* Determine the types of payment methods you’ll accept. The more you have, the more likely you’ll sell. Options include Cash, Credit Cards, Checks, COD, PayPal and so forth. Again, planning will help you out. Bring sales receipts and order forms. Check out sales tax collection policies and how this is to be paid. If you’re already a business, you may have these answers. If its just you, then see what show management offers or make an arrangement with a neighboring exhibitor for credit cards, etc… The key is planning and making these decisions ahead of time.

* Send out invitations twice. First, 3 or 4 months in advance to all the people on your mailing and email list. Announce your participation, dates, times and that you’ll be offering a show special (Don’t tell them what it is, just that it will blow their socks off and its only offered during the show.) The second invitation is 4-6 weeks prior to the event as a reminder. Email your invitations again your list two weeks prior and the monday prior the show. Make sure each invitation is a complete re-write and doesn’t look like the others.

* Have any printed material ready at least one week before the start of the show. I would suggest you put together a black and white biographical overview of yourself, whatever art education (even if its ‘self-taught) you have and what you have painted and specialized in. Include any shows you’ve attended and awards won.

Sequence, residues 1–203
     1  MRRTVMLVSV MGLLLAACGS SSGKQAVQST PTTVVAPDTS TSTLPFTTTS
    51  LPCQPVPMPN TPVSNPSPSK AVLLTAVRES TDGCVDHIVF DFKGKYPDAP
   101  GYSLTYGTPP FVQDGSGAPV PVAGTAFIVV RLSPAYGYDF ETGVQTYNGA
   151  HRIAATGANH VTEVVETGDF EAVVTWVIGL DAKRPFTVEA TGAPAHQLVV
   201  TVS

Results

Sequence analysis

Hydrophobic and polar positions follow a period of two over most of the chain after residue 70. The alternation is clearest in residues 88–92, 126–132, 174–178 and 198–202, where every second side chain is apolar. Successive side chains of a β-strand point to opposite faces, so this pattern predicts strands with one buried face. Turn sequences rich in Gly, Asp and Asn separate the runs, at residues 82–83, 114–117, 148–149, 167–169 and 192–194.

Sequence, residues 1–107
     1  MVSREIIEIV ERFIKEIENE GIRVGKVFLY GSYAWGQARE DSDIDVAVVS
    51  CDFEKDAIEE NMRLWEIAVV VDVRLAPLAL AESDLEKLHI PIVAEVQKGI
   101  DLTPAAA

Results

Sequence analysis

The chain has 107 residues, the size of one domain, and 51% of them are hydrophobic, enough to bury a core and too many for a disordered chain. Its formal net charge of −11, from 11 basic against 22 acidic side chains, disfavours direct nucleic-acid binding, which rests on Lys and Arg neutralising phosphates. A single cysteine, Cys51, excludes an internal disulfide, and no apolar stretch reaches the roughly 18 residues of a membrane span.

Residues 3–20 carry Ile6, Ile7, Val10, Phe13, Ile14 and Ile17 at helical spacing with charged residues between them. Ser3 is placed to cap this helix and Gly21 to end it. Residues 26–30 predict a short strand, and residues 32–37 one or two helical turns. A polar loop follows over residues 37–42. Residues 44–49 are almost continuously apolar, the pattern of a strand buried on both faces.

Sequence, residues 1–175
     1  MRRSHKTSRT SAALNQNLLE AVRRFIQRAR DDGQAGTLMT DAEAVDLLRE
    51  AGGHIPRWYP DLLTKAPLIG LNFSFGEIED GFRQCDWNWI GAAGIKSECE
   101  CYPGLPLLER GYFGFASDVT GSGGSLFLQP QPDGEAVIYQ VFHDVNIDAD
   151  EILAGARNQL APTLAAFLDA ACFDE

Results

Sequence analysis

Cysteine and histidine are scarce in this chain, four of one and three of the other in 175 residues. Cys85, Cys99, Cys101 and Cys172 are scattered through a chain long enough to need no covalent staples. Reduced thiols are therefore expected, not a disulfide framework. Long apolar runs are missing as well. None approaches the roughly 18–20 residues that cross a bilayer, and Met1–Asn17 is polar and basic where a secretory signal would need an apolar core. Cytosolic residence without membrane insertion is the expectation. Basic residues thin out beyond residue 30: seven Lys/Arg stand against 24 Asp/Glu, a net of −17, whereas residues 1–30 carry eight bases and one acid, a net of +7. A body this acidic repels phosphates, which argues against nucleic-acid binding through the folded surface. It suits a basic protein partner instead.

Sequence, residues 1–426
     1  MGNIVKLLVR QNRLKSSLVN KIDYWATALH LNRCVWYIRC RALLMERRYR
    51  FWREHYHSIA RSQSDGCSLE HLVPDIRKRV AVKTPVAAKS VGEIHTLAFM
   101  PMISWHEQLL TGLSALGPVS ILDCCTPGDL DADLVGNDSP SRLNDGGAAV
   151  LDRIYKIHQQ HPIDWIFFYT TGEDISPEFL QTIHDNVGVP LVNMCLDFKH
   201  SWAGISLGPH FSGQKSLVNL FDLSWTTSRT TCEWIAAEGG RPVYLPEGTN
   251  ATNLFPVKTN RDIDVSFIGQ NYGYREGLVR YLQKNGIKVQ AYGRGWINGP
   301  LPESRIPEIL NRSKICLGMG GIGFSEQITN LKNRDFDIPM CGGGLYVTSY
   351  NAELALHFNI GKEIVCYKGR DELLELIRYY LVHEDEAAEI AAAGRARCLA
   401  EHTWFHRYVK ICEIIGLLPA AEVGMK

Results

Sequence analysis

* I would also suggest that you put together an “Overview” sheet for each original painting you’re exhibiting. Put this together on black and white. Include a nice black and white photo, Title of painting, your name as the artist, size of painting, structure the painting is on (masonite, canvas, etc..) and the story of your painting. Often people will buy the painting just as much because of the story as the painting itself. Talk about your inspiration for the painting, your personal and spiritual investment, the colors you chose and why you love it. Make people identify with you as much as with the painting. This is your secret weapon. Have plenty of copies (that number depends upon the show, and maybe the organizers/other attending artists will advise you). Remember b/w copies are only a few pennies. Start with a 100 to begin with for each painting and then gauge with each show you attend.

Leave a Reply

Your email address will not be published. Required fields are marked *